A porn star struggles with loneliness in Manuel Abramovich’s sensitive feature debut


Source: San Sebastián International Film Festival


Dir: Manuel Abramovich. Argentina/France/Brazil/Mexico. 2022. 98mins

Look behind the contemporary trappings of Argentinian Manuel Abramovich’s feature debut—with its snappy portmanteau title, its focus on tech and social media and its subject, online porn—and you’ll find a film with old fashioned values, whose titular melancholy derives from their very loss. Picking up themes explored in Abramovich’s 2019 Silver Berlin Bear awarding-winning short Blue Boy, this study of a guy trying to make it in the gay porn industry may be stating the obvious but it does so intriguingly, with sensitivity, wit and thoughtfulness. Though it deals with issues that affect us all, both the subject matter and treatment are likely to limit Pornomelancholia’s exposure to streaming platforms and fest sidebars, where it deserves to make a big impact.

Visually, Pornomelancolia is a world away from the grungy, hand-held look that such subject matter is often afforded

The pre-title sequence is among the film’s strongest: Lalo (Lalo Santos), a good-looking guy in a busy city street, unexpectedly breaks down in tears – and there you have the crux of Pornomelancolia in sixty seconds. Lalo works in a factory in Oaxaca, where to fit in he has to pretend to be a married man and a machista, but moonlights by uploading hardcore images of himself to Twitter, his validation coming as he scrolls through the comments and likes. It’s a world that his fellow workers know nothing about, and would be horrified if they did: though of course, one aspect of gay porn is precisely in its celebration of machismo.

Short of money, the shy, quietly spoken Lalo takes hesitant steps as an actor in a remarkable-looking gay porn film – one whose budget is not the only decent-sized thing about it – which is comically but appropriately based on the Mexican revolution and features Lalo and his moustache as Zapata. The shoot, which occupies most of the film’s duration, is fascinating as a behind-the-scenes take on how these things are set up. It’s pretty explicit fare at times, though Abramovich thoughtfully employs the judicious use of camera angles to spare the non-aficionado any unwanted details.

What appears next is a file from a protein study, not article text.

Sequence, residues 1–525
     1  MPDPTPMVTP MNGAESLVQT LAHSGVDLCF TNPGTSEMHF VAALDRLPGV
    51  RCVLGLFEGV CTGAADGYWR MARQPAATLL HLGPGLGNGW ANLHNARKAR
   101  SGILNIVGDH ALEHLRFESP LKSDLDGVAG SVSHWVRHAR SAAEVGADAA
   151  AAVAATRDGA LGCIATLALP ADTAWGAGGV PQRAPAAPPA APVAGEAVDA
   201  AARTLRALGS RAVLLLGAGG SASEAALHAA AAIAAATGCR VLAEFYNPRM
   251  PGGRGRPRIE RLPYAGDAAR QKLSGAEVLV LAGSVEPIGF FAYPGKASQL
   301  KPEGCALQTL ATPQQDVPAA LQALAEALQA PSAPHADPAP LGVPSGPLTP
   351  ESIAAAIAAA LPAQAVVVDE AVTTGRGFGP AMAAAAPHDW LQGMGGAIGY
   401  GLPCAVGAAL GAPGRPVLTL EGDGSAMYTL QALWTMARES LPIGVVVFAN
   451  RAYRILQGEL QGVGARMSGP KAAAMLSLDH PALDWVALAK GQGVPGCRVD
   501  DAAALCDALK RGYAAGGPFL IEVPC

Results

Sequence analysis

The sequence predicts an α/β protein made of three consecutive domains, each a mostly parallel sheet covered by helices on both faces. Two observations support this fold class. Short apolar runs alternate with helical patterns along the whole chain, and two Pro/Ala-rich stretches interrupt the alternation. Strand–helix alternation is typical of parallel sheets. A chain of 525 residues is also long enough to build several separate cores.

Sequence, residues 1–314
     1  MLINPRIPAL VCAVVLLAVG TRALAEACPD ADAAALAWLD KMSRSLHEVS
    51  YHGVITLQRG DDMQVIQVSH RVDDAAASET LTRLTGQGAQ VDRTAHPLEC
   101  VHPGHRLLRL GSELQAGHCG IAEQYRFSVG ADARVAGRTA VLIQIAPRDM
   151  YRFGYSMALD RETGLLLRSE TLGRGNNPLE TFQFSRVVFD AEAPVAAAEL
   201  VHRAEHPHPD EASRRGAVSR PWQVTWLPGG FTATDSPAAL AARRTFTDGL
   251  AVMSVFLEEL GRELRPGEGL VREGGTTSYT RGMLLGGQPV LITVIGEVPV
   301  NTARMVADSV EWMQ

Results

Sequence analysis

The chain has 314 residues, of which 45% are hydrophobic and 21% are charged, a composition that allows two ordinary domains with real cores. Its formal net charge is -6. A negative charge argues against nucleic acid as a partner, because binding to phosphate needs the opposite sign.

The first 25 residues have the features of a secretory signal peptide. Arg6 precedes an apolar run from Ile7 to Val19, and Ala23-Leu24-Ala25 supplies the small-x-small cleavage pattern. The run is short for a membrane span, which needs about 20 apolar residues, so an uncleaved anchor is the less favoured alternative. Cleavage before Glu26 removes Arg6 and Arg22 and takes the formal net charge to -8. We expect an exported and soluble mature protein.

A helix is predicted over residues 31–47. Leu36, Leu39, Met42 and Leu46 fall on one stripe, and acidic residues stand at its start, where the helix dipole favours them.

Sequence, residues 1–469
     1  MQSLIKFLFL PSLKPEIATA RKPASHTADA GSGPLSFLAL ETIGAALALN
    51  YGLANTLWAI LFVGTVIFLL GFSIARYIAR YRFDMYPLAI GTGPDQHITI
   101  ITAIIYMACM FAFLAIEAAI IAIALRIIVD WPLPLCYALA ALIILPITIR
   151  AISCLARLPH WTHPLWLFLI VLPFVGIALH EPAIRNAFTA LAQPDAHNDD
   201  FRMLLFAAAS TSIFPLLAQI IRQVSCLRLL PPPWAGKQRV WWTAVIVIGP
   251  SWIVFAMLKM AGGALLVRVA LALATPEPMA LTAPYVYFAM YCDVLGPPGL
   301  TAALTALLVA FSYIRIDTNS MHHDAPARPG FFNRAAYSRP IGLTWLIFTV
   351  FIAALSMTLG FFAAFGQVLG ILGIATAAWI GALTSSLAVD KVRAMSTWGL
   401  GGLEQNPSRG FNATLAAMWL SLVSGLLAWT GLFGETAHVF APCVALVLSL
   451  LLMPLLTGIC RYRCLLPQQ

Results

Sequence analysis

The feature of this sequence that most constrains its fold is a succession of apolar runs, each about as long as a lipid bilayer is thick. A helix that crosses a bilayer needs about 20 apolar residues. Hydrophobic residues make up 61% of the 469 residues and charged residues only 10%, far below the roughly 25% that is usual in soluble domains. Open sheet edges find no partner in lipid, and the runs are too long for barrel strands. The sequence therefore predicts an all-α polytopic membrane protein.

There is much comedy, with the fantastically enthusiastic director with artistic aspirations barking out directions, one actor reflecting on how speaking English (saying “Oh God”, for example) can further your career, and a great gag about Luis Buñuel. As we advance from one scene of the film to another, so much for the porno part of the title. But it’s in the melancholy part that the key to Pornomelancolia is found, in the between scene conversations between a gang of sombrero-wearing guys who share not only required professional qualities, but also multiple insecurities.

Their chats are where the film’s themes are explored, and include AIDS, masculine insecurity, the broken backgrounds from which these men have emerged, worries about the future, and fundamentally, the lack of love to be found in a world in which bodies are commodities. In short, they reveal the men behind the members. It’s of special significance that Lalo phones his mother repeatedly to talk, in somewhat vague terms admittedly, about how well he’s doing in his job, but never actually speaks to her: all he can do is record voice messages. Lalo’s phone never rings.

Visually, Pornomelancolia is a world away from the grungy, hand-held look that such subject matter is often afforded. It’s a celebration of porn too, as a way of eking out a living for many, and of the technology that makes its possible, with much time given over to big-screen images of the small-screen communications taking place across the social platforms. Abramovich has a great eye for the striking tableau, too: witness one scene with the gang of actors sleeping, physically exhausted, on the grass of the ranch where their film is being shot, like so many broken cowboys.

That said, a ‘like’ is not a friend—a message which Abramovich apparently feels is not obvious enough not to need restating (this could be a generational thing). To use an appropriate idiom, it’s probably stretching it to say that Pornomelancolia is directly about the decline of Mexican culture (and not only Mexican culture) to a late capitalist parody of its former self, a mere performance being played out on film sets around the globe; a poor substitute for lives actually being lived. But that idea is there, hovering in the background: this, Abramovich seems to be saying, is what the revolution has come to. 

Production companies: Gema Films, Desvia Films, Dublin Films, Martfilms

International sales: Luxbox Films fiorella@luxboxfilms.com

Producers: Gema Juarez Allen, Rachel Daisy Ellis, David Hurst, Martha Orozco

Screenplay: Manuel Abramovich, Fernando Krapp, Pio Longo

Cinematography: Manuel Abramovich

Production design: Dudu Quintanilha

Editing: Juan Soto, Ana Remon

Main cast: Lalo Santos